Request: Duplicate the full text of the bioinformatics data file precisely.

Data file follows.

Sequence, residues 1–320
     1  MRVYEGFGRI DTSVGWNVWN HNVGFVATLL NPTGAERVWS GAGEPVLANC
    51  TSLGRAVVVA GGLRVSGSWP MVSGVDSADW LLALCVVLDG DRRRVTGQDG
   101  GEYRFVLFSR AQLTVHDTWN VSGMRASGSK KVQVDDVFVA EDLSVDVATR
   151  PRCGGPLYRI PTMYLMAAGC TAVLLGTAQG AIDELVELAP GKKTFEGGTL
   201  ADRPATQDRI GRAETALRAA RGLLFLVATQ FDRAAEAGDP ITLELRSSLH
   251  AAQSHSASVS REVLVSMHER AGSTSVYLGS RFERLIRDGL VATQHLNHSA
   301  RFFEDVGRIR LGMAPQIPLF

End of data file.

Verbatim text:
Sequence, residues 1–320
     1  MRVYEGFGRI DTSVGWNVWN HNVGFVATLL NPTGAERVWS GAGEPVLANC
    51  TSLGRAVVVA GGLRVSGSWP MVSGVDSADW LLALCVVLDG DRRRVTGQDG
   101  GEYRFVLFSR AQLTVHDTWN VSGMRASGSK KVQVDDVFVA EDLSVDVATR
   151  PRCGGPLYRI PTMYLMAAGC TAVLLGTAQG AIDELVELAP GKKTFEGGTL
   201  ADRPATQDRI GRAETALRAA RGLLFLVATQ FDRAAEAGDP ITLELRSSLH
   251  AAQSHSASVS REVLVSMHER AGSTSVYLGS RFERLIRDGL VATQHLNHSA
   301  RFFEDVGRIR LGMAPQIPLF